CineAction

An academic journal that examines film from a variety of viewpoints, with each issue focused on a central theme. Publishes scholarly articles on film theory, plus interviews with filmmakers, film reviews, book reviews, and reports from international film

Articles from No. 82-83, Winter

Black Christmas: The Slasher Film Was Made in Canada
Contrary to popular belief, John Carpenter's Halloween (1978) is not the first incarnation of the modern-day slasher film. That honour belongs to the small Canadian production Black Christmas (1974). This relatively unknown film is responsible for...
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Cannes Film Festival 2010
With no controversial entrees like last year's Antichrist or inglourious Basterds or (to my knowledge) critically-acclaimed debuts like Xavier Dolan's J'ai Tue Ma Mere, there seemed few if any 'must sees' at this year's Cannes Film Festival, making...
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Film Socialisme: Jean-Luc Godard and the Cinema
"Godard's career combines an unflagging resistance to the demands of the industry with a recurrent commitment to cinema as art, classic and yet personal." (1) Peter Wollen Film Socialisme (2010) is Godard's first theatrical release to be shot completely...
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Going Na'vi: Mastery in Avatar
I was saddened to notice the recent passing of Robin Wood, one of the driving forces behind twentieth century film criticism and of CineAction! Robin had been my teacher a few years ago, and during my graduate study we would occasionally meet for lunch....
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In Transit: Kelly Reichardt's Meek's Cutoff
Spoiler Alert: In the course of this paper I discuss the film's ending. I saw more films this year at the Toronto International Film Festival than I have been able to in past years and while there were lots that were notable, I wasn't captivated...
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James Whale's Frankensteins: Re-Animating the Great War
We feel as if something inside us, in our blood, has been switched on. That's not just a phrase--it is a fact. It is the front, that has made electrical contact ... We are dead men with no feelings, who are able by some trick, some dangerous magic,...
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Melies and Early Cinema(gic): Conjuring the Science-Fiction Film Genre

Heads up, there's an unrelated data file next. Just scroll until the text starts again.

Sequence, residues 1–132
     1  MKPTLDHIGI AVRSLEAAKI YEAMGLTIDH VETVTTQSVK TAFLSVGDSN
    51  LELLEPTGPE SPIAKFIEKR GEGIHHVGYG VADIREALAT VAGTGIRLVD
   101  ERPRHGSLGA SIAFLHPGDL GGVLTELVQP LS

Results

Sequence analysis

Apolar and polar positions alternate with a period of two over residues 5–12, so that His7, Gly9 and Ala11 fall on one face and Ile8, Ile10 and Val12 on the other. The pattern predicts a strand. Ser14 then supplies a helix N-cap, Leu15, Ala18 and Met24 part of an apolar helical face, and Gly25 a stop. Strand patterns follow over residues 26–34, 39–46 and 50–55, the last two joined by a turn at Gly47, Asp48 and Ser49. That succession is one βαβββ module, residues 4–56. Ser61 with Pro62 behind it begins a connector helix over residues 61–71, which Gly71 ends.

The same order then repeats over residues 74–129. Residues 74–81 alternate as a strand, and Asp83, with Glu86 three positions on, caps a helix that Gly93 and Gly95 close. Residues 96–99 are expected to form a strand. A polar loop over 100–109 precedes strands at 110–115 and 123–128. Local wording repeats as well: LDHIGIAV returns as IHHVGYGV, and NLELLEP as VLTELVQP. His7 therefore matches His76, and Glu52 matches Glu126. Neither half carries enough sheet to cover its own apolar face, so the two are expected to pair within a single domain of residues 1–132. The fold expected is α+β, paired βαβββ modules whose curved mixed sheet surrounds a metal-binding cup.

This article is a theoretical analysis of a particular niche in film studies. It examines the profound influence of early cinema on the development of the science-fiction genre by considering: the concept of spectatorship, the apparatus of exhibition,...
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Pop Star Is the Medium Is the Message: The Man Who Fell to Earth
In his 1963 novel The Man Who Fell to Earth Walter Tevis uses a genre of science fiction to tell an allegory about the visitor from outer space who in 1985 (1) falls on Earth to look at us and show us how alien or alike we may look to an extraterrestrial....
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Postmodern Anxieties: Renaissance: Paris 2054 as Tech-Noir
Contemporary filmmakers create art from within a postmodern era where "every text is an inter-text that borrows, knowingly or not, from the immense archive of previous culture". (1) In literary studies, Harold Bloom labels this awareness the "anxiety...
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Special Treatment/Sans Queue Ni Tete
Special Treatment/Sans queue ni tete is a sophisticated film about urban life that deserves more notice than it received at this year's TIFF. While the film isn't a comedy, it is imbued with a wry humour and a tone that is mature and aware. It offers...
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Television Discourse and Governmentality: Considering Da Vinci's Inquest and Da Vinci's City Hall as Citizen Projects
INTRODUCTION: The Da Vinci Series, Governmentality, and Political Economy The episode begins with a blurry shot of we do not know what. The shot slowly sharpens to reveal a close up of a woman's feet in high heel platform shoes. It is nighttime...
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The Festival, Politics and Space: Amigo and Route Irish
It was a pleasure to see new films from John Sayles and Ken Loach at this year's Festival. It was a chance to consider the distinguished careers of these tenacious left-wing directors. Their new films were not greeted with much attention or celebration;...
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What's So Funny about Class Struggle? Ideology in the Trotsky
There are at least two ways in which a text may be inscribed with ideology. One is by raising a non-problem to the level of a true problem. Racism, for example, displaces discontent with the system of economic exploitation onto the figure of the 'intruder'...
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